"Definitely Strahan and Osi should take the weekend off," Brady said. "I'd rest them, I know that. I definitely would not play those two. ... Coach Coughlin, if you're listening, definitely rest those guys."

Who plays and who doesn't could determine the outcome of several games this weekend. The Redskins need a victory Sunday to clinch a wild-card playoff berth in the NFC and probably will get to face a lesser version of the Dallas Cowboys, who secured home-field advantage throughout the NFC playoffs last weekend and already are without injured wide receiver Terrell Owens. The Tennessee Titans can get the final postseason berth in the AFC with a triumph Sunday night at Indianapolis, and likely will see plenty of Colts backup quarterback Jim Sorgi instead of Peyton Manning.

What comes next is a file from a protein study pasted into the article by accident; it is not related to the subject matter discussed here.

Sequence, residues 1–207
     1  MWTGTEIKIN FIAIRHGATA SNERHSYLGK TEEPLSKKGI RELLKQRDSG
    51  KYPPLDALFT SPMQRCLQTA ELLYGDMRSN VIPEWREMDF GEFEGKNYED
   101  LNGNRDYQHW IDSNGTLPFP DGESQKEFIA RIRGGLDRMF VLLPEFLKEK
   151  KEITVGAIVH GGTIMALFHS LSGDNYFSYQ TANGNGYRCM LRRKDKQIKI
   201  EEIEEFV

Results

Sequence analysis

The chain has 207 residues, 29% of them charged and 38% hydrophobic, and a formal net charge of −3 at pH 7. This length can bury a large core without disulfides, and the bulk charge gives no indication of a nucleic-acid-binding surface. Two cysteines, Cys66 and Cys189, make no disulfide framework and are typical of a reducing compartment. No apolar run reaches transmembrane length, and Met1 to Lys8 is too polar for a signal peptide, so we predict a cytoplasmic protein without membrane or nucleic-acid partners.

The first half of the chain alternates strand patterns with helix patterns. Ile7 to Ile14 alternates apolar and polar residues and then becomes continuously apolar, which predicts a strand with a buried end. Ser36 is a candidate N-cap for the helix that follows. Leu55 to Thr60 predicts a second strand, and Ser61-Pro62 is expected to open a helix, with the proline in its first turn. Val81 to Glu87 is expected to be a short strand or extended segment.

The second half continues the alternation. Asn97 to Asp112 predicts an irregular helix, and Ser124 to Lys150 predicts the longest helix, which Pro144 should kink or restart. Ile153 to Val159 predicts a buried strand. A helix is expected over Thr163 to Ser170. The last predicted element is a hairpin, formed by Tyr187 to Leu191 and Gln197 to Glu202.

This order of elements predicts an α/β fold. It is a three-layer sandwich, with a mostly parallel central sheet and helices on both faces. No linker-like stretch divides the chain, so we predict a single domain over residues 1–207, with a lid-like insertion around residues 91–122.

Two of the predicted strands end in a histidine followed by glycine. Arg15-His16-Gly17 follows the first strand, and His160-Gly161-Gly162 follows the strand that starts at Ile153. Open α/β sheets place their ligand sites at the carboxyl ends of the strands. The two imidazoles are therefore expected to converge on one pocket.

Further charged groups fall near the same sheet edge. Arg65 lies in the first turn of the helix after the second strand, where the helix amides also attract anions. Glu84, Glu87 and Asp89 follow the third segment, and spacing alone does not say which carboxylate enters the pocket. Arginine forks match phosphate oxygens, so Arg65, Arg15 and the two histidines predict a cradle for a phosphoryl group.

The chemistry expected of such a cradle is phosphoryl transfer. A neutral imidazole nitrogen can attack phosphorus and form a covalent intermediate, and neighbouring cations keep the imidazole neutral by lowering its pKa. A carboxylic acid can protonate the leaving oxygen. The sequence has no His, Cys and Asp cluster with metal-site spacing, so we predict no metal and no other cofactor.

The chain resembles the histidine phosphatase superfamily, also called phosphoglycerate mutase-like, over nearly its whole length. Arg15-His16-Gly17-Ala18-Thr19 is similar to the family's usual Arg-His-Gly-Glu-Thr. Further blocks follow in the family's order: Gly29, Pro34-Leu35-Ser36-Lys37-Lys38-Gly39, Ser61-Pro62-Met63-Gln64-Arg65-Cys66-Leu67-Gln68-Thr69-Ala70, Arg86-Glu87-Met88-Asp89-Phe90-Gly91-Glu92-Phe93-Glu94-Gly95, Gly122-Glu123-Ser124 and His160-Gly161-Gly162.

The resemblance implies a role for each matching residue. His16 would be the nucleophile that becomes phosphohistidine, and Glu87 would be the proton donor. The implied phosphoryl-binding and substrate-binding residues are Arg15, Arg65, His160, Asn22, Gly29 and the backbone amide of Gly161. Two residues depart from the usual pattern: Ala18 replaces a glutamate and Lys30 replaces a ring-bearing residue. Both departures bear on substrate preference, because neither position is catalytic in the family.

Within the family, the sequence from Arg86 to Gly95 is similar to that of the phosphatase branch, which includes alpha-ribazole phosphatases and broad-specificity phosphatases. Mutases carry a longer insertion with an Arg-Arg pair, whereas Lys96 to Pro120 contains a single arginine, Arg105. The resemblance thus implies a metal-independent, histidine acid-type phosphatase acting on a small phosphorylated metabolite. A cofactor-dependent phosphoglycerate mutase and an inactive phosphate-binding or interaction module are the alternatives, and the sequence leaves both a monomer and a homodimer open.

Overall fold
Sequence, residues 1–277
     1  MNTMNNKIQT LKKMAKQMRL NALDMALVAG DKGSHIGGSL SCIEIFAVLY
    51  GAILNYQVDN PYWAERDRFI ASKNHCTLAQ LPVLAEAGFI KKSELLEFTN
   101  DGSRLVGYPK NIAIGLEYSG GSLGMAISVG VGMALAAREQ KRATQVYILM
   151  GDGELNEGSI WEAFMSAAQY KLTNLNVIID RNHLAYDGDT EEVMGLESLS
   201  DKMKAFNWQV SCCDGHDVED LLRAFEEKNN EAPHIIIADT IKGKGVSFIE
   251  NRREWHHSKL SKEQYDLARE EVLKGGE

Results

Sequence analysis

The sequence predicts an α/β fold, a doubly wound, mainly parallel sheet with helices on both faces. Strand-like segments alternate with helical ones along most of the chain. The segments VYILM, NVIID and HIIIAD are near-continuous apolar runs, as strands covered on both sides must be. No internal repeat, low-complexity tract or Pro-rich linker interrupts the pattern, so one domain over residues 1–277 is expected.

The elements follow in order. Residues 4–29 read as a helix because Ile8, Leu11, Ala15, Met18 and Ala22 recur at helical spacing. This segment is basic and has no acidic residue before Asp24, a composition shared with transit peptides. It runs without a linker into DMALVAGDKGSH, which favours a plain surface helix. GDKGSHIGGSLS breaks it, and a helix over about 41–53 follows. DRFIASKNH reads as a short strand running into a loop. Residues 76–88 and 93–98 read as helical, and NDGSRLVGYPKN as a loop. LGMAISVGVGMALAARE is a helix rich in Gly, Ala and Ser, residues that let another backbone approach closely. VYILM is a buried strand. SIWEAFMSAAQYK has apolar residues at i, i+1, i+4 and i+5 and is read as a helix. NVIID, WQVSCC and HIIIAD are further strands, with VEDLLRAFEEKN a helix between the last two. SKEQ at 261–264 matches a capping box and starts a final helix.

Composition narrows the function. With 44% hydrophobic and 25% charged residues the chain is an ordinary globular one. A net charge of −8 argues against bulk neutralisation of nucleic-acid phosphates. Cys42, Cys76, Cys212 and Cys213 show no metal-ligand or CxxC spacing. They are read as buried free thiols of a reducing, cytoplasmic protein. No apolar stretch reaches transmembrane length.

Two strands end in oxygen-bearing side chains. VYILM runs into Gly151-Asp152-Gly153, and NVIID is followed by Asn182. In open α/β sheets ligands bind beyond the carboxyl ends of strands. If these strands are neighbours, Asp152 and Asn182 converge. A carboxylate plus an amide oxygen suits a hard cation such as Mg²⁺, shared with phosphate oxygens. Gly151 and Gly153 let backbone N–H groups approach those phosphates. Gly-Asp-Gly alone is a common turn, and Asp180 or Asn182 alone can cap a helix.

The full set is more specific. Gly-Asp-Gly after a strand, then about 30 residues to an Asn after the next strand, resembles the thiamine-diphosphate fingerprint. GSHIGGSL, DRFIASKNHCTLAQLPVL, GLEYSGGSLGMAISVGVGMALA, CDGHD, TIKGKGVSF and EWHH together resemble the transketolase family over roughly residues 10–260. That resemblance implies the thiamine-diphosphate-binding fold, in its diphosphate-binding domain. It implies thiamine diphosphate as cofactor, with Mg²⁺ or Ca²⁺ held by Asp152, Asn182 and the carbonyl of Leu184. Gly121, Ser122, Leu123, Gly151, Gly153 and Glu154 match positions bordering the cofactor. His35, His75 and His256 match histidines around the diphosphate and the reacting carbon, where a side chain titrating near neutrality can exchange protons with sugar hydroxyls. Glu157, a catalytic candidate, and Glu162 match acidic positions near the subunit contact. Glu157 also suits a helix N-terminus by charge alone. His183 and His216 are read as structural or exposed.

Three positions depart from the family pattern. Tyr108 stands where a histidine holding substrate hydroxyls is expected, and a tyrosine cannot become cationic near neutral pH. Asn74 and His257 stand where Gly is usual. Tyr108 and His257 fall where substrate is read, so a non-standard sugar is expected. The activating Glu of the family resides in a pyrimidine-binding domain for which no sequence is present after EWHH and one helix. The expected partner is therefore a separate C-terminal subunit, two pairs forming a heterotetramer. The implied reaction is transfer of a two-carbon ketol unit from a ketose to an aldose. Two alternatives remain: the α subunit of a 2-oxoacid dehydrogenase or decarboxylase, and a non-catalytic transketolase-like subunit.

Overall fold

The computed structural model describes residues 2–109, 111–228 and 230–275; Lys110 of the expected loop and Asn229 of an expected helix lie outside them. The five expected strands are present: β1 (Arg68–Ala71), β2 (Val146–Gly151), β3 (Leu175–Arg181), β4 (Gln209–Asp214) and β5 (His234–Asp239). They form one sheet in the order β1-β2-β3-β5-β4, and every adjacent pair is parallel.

In the NFC, the top five playoff teams are locked into their seedings. In the AFC, the San Diego Chargers need a win to secure the No. — seed and keep the Pittsburgh Steelers fourth. With so little undetermined for the postseason, coaches are reluctant to expose their most important players to the risk of injuries this weekend.

"You know when you start seeing your players carried off, you have emotions that go through you," Gruden said, "It's not an easy decision, but it's one that needed to be made."

Cowboys Coach Wade Phillips vowed to try to beat the Redskins &

but not necessarily with Pro Bowl quarterback Tony Romo on the field.

"We're gonna do what's best for the team," Phillips said. The players "know that. Who plays, who doesn't play, all those things &

I told them, even the guys that are not playing, it's not personal. It's just what we decide is best for the team. I think they're fine with whatever we decide."